"The theme of the ad -- that Strickland is out for power and money because he once embraced gun rights and has now backed away from those positions — is a stretch to say the least," reports USA Today in a fact check of this ad sponsored by the National Rifle Association. "Plenty of lawmakers change their views on major issues, and there's no evidence that Strickland's shift was a money or power grab."
The Political TV Ad Archive collected and, using innovative open source technology, tracked airings of political ads in key markets the 2016 election cycle.
The collection also linked ads to fact-checks by national fact-checking organizations. In addition to tracking airings across key primary states, the collection includes ads that may air elsewhere or exclusively on social media.
by Katie Donnelly Over the past extremely unpredictable election year, the Internet Archive invented new methods and tools to give journalists, researchers, and the public the power to access, scrutinize, share, and thoroughly fact-check political ads, presidential debates, and TV news broadcasts. Our efforts were designed to help citizens better understand the patterns of political messages designed to persuade them […]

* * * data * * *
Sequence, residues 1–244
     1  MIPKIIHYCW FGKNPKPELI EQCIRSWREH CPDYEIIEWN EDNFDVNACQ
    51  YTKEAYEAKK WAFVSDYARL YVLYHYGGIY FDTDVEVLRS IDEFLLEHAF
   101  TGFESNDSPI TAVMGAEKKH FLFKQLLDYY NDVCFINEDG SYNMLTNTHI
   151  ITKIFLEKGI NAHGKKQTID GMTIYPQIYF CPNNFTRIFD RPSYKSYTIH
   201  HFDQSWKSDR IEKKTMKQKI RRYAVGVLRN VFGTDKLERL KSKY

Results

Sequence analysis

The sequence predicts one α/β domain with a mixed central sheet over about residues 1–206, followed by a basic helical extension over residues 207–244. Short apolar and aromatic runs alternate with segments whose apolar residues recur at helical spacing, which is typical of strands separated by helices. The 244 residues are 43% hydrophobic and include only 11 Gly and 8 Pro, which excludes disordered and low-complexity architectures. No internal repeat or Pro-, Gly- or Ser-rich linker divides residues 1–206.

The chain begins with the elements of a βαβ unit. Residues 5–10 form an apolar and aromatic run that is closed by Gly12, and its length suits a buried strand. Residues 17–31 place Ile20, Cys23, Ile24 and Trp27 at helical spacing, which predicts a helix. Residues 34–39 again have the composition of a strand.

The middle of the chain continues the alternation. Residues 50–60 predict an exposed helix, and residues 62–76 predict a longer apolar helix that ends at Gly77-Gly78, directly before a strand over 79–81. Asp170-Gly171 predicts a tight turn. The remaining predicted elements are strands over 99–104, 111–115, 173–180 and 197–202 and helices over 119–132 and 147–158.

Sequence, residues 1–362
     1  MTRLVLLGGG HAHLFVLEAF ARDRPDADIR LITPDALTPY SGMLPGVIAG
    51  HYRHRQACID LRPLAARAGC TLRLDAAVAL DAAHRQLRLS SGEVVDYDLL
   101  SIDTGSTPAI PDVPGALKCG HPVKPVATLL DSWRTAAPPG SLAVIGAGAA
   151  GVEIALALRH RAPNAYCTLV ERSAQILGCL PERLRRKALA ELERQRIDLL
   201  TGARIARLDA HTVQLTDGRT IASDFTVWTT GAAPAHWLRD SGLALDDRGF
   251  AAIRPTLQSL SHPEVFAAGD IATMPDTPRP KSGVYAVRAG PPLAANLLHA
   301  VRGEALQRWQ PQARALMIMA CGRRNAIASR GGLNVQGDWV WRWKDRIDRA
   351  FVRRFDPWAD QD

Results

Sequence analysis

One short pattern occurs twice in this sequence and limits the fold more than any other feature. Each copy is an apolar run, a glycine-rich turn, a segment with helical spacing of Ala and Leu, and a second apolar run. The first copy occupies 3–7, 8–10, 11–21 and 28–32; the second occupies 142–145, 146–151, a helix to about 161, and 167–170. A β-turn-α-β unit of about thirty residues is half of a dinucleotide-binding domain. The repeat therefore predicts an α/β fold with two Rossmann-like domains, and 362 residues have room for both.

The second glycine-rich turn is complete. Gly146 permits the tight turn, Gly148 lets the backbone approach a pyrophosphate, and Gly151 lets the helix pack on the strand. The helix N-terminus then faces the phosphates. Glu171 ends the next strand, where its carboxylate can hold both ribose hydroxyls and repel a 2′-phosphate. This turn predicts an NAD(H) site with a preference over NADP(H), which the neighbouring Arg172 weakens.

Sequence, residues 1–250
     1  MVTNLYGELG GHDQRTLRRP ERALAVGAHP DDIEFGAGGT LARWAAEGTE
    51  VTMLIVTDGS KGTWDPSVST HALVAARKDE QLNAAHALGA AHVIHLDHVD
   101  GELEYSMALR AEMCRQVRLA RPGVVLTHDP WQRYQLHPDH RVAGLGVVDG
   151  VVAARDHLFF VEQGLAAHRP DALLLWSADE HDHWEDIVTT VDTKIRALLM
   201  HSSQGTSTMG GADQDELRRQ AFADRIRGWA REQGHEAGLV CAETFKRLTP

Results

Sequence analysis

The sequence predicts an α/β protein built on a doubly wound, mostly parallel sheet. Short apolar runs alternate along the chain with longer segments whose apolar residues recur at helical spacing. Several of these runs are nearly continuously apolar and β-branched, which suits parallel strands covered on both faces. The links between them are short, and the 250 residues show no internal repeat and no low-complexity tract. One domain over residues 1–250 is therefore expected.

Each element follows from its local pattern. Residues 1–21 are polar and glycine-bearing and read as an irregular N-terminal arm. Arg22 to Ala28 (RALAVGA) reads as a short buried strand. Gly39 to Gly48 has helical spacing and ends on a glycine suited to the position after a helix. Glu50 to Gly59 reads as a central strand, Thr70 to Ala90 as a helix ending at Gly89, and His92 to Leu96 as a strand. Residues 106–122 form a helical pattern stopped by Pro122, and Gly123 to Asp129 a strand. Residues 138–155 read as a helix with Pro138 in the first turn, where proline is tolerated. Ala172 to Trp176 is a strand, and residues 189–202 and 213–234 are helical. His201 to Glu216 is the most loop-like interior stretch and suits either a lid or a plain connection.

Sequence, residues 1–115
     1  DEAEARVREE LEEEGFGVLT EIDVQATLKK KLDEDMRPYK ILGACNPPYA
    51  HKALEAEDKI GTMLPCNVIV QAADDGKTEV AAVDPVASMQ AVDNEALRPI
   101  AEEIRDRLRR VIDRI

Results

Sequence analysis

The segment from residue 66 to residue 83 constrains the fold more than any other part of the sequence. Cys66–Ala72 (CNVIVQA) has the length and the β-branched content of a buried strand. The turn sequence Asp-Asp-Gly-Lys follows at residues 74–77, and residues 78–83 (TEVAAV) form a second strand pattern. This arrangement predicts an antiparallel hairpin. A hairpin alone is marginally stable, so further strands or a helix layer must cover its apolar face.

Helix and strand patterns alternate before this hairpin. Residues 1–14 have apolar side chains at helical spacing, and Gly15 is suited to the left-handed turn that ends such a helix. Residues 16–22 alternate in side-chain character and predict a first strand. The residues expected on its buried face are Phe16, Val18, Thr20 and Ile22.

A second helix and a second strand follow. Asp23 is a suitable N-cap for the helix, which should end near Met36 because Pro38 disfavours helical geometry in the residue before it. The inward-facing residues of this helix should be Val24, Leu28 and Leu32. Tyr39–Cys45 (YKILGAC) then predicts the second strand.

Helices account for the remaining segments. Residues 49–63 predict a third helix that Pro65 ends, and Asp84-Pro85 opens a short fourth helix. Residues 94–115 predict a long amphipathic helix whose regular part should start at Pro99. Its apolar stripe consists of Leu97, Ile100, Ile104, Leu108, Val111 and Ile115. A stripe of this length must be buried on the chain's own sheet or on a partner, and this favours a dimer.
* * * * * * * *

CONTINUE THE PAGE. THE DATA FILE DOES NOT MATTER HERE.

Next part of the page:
Guest post by Kalev Leetaru Today the Internet Archive announces a new interactive timeline visualization–the Television Explorer–that lets you trace how any keyword–think “emails”, “tax returns”, “alt-right”–has been covered on U.S. television news over the past half-decade. See the Television Explorer, a new tool for exploring TV News. Over the past year and a half, the GDELT Project and the Internet […]